Gambian schoolkids denied U.S. visas for robotics competition
A group of high-flying Gambian schoolchildren were denied visas to attend a robotics competition in the United States, they told journalists on Tuesday, following a similar rejection of an all-girls team from Afghanistan.
The group of five teenagers from the tiny West African nation were invited to attend the FIRST Global Challenge in Washington DC this month to show off their engineering skills in front of peers from 160 countries.
"It is going to be sad if we cannot be in the U.S. to exhibit the robots we built ourselves," said Fatoumata Ceesay, 17, describing the team dedicating "six to seven hours a day on building the robots" during the Muslim fasting month of Ramadan.
The competition is aimed at building interest and confidence in engineering and technology in schools worldwide. Africa has an acute shortage of qualified engineers, according to experts. Although the group's mentor has vowed to reapply for visas costing $170 a piece on their behalf, Ceesay said they could be forced to "ship the robots and follow the proceedings on Skype."
The U.S. embassy in Banjul did not respond to journalists calls for comment.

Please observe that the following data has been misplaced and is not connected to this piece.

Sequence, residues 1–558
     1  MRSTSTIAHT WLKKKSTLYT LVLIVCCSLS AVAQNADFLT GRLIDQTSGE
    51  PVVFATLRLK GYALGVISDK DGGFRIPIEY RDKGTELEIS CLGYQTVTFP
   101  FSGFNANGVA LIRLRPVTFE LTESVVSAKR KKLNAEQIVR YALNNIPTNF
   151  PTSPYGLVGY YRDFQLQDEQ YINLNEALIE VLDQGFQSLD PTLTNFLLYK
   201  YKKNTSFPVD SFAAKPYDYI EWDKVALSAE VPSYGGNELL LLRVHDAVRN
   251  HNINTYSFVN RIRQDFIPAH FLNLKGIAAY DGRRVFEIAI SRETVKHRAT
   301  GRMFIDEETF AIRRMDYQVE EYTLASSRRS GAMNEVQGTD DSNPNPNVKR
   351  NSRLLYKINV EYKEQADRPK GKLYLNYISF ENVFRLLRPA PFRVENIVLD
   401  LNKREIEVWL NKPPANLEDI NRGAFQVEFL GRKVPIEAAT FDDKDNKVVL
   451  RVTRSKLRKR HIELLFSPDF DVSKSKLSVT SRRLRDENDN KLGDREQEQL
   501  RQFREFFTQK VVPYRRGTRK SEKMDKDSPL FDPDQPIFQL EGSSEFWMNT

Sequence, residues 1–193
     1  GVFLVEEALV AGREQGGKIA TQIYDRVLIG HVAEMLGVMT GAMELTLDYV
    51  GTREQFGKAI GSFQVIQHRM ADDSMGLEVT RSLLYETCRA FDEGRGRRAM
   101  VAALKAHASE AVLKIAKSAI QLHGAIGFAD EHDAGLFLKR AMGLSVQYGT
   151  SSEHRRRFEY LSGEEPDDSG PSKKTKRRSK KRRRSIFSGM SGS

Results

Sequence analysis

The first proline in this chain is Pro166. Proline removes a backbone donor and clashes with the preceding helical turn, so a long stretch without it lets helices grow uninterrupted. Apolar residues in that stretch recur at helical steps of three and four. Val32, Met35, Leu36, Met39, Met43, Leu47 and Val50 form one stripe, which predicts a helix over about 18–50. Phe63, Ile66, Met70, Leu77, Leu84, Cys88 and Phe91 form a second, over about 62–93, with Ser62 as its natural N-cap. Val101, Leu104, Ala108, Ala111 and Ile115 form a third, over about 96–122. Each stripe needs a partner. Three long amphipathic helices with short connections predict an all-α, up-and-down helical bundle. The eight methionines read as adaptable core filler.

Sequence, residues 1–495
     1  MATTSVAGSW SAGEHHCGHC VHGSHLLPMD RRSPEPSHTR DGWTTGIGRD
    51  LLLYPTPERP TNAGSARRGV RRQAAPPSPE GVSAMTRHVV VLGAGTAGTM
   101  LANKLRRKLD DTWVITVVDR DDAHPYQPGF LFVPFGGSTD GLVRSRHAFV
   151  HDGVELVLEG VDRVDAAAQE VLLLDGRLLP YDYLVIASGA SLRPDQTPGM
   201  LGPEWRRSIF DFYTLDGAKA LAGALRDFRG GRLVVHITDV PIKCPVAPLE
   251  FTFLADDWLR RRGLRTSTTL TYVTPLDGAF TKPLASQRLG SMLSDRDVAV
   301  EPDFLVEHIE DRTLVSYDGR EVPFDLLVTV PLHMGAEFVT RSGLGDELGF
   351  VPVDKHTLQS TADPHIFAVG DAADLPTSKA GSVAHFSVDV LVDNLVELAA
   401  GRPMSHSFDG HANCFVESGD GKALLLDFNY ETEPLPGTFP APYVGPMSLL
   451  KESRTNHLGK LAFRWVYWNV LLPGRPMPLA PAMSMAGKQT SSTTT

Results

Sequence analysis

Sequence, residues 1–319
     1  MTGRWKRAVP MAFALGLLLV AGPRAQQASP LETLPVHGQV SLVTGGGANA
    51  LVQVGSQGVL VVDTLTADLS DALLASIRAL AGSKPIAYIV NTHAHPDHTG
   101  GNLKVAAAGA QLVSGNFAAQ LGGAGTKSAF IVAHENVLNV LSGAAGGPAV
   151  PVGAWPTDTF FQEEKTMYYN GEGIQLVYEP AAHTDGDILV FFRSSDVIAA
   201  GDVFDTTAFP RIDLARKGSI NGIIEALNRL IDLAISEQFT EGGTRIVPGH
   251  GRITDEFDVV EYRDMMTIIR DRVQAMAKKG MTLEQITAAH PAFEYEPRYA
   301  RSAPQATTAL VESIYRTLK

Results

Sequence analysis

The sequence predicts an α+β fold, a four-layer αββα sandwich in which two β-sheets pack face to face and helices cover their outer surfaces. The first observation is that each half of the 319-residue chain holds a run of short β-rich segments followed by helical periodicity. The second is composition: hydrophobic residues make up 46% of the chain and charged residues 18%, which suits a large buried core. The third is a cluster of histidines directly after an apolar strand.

Forbes magazine reported last week that six girls from Herat, Afghanistan had faced a similar fate and would be blocked from attending the robot battle, despite two rounds of interviews for a one-week visa.
The U.S. authorities' decision to deny access to schoolchildren from Muslim-majority African and Asian nations from participating in the science competition follows several other high-profile examples of stricter visa policy since President Donald Trump took power. In March, every single African due to attend the African Global Economic and Development Summit, a trade conference in California, had their visa request rejected, according to organisers.
Meanwhile, a separate travel ban now explicitly targets visitors from six countries: Syria, Sudan, Iran, Somalia, Libya and Yemen, but Afghanistan and The Gambia are unaffected by the travel ban.
The co-ordinator of the Gambia Robotics Team, Mohtarr Darboe, told journalists they had not given up. "We are reapplying for U.S. visas tomorrow. The Gambian team now consists of five students and one mentor," he said.
The United States blocked travel visas for Gambian government officials in October 2016 when former president Yahya Jammeh was still in power in a dispute over The Gambia's refusal to take back illegal immigrants. (AFP)
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